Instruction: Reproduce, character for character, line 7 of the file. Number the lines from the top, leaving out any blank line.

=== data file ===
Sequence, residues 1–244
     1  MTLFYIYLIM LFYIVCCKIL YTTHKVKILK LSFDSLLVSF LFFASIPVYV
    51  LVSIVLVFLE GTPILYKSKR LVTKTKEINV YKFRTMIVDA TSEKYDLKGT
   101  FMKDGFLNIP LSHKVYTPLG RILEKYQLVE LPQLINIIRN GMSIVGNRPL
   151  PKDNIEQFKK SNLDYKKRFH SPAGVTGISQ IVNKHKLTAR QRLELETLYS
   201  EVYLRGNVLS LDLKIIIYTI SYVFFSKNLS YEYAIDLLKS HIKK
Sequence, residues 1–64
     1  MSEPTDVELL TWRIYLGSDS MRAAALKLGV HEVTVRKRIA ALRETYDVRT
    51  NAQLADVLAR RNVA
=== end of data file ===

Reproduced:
Sequence, residues 1–64